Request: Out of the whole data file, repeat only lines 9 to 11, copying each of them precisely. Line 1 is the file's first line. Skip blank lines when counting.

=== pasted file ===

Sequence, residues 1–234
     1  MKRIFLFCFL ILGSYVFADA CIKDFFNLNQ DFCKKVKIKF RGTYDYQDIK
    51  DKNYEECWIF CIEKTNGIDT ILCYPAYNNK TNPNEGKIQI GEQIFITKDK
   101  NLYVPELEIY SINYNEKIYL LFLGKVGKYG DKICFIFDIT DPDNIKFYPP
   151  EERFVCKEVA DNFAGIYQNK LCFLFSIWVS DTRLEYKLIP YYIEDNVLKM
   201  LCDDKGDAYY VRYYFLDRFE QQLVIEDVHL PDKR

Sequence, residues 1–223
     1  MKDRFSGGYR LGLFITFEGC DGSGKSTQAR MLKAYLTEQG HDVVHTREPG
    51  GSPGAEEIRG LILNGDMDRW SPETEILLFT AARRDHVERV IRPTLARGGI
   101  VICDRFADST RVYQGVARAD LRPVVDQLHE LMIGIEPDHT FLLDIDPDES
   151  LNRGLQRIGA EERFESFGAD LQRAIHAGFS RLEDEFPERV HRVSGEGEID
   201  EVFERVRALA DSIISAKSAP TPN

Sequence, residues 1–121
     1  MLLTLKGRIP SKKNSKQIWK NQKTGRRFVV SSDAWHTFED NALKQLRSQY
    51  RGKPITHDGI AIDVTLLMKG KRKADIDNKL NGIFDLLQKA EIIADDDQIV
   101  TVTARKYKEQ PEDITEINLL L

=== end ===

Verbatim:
    51  GSPGAEEIRG LILNGDMDRW SPETEILLFT AARRDHVERV IRPTLARGGI
   101  VICDRFADST RVYQGVARAD LRPVVDQLHE LMIGIEPDHT FLLDIDPDES
   151  LNRGLQRIGA EERFESFGAD LQRAIHAGFS RLEDEFPERV HRVSGEGEID